Log Signal Duration

FIGURE 11.1 Temporal discrimination in mice that are heterozygous for the dopamine transporter deletion (DAT+/-) and their wild-type littermates (WT).

Log Signal Duration

FIGURE 11.1 Temporal discrimination in mice that are heterozygous for the dopamine transporter deletion (DAT+/-) and their wild-type littermates (WT).

last four signals (6.4, 8.0, 10.8, and 12.7 sec). Eight-signal training lasted 13 days, and it was followed by four test days during which each group was tested in a single daily session, each consisting of 40 trials. There were no correction trials during the test days.

Figure 11.1 shows that P(Long) increased as a sigmoidal function of signal duration for both DAT+/- and WT mice (F(7, 56) = 3.62, P = .003). Data points represent the proportion of long responses for each signal, averaged first across sessions and then across subjects. Interestingly, the psychometric function of the DAT+/- group is shifted to the left relative to that of the WT group, although this effect was not statistically significant (P = .310).

Why do the DAT+/- mice have a higher tendency than their WT littermates to make a "long" response for any given signal duration? Does this behavioral effect reflect a perceptual difference whereby the DAT+/- mice perceive time as more stretched out than do the WT mice? In rats, systemic injections of methamphetamine, a hyperdopaminergia-causing agent, produce a similar leftward shift in psychometric functions. At first glance, one is tempted to argue that because DAT+/- mice also have functional hyperdopaminergia, the leftward shift of their temporal discrimination function relative to that of the WTs should also reflect a difference in temporal perception between the two groups. But does it?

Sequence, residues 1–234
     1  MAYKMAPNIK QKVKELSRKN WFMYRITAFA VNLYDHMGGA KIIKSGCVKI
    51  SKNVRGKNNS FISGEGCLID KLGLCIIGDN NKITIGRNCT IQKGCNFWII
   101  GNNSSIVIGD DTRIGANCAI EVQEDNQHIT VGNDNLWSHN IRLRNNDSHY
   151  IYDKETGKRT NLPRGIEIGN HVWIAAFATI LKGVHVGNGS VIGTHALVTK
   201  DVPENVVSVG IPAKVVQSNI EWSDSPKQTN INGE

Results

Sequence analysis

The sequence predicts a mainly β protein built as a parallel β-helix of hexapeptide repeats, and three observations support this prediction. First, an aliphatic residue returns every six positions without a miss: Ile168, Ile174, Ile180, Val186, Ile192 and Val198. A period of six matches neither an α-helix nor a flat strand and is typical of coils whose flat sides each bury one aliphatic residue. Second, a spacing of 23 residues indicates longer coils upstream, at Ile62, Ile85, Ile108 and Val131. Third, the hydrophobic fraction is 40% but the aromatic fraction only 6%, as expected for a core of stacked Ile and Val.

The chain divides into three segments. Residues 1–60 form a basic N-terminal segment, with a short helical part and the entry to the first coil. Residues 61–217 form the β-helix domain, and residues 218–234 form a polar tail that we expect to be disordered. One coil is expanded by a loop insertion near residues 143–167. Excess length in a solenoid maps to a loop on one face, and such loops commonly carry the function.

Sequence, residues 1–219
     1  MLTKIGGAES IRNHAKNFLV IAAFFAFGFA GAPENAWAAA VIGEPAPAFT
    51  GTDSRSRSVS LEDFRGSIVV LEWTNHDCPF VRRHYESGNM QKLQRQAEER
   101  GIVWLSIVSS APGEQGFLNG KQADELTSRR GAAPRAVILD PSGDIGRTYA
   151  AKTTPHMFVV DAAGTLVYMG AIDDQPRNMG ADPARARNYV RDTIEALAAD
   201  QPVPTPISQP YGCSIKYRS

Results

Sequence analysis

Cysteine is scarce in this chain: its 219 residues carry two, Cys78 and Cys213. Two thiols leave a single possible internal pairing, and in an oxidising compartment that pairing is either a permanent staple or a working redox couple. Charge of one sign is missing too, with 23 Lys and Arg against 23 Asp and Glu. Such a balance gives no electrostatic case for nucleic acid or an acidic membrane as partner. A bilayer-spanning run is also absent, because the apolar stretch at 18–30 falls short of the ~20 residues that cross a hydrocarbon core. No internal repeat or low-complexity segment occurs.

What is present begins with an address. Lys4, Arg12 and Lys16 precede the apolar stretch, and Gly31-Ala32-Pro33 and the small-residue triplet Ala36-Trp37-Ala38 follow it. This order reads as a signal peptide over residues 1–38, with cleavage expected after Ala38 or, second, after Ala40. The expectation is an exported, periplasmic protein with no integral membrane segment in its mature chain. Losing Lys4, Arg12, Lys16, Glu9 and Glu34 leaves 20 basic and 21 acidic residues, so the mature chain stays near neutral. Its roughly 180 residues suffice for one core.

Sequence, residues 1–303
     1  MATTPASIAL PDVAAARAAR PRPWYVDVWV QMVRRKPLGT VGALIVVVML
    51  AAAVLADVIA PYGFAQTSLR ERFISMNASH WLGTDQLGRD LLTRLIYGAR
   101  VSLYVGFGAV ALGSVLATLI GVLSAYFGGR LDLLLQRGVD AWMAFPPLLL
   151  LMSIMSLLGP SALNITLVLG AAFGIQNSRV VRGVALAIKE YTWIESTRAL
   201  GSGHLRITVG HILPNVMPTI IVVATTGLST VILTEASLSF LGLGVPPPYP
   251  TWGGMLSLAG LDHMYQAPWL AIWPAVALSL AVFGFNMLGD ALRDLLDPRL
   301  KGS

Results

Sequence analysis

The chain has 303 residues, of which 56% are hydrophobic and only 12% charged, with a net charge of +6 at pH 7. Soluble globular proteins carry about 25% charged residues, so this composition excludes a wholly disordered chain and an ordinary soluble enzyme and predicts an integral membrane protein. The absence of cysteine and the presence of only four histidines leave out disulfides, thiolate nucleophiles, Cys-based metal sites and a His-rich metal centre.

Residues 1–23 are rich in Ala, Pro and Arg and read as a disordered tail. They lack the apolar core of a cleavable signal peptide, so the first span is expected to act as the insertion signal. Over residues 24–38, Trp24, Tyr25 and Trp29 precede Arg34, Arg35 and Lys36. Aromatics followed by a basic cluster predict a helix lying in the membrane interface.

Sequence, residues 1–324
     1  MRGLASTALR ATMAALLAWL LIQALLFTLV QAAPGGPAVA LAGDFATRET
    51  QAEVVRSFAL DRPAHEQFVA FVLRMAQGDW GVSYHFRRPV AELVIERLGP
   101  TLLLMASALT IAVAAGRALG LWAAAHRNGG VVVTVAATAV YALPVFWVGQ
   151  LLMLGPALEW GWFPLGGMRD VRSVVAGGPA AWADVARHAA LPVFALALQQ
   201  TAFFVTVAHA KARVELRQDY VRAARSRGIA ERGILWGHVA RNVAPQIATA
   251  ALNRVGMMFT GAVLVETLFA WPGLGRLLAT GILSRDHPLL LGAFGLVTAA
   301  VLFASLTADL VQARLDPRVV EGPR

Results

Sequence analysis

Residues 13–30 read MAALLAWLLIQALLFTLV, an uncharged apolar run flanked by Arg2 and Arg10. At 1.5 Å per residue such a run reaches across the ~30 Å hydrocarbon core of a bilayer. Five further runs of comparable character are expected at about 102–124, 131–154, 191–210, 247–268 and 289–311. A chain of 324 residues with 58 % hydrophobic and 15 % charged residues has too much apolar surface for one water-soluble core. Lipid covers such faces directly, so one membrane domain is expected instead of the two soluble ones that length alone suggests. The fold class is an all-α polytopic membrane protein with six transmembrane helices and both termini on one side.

An altered state of duration perception cannot be observed directly; rather, it is inferred as the perceptual change leads to a behavioral change. Perceptual differences can be detected if the performance of the same individuals is measured under different perceptual states using the same experimental protocol. For example, if a group of rats is trained to perform a temporal discrimination procedure under saline, and then tested under methamphetamine, a methamphetamine-induced leftward shift is observable in full extent during the first session of drug administration (Meck,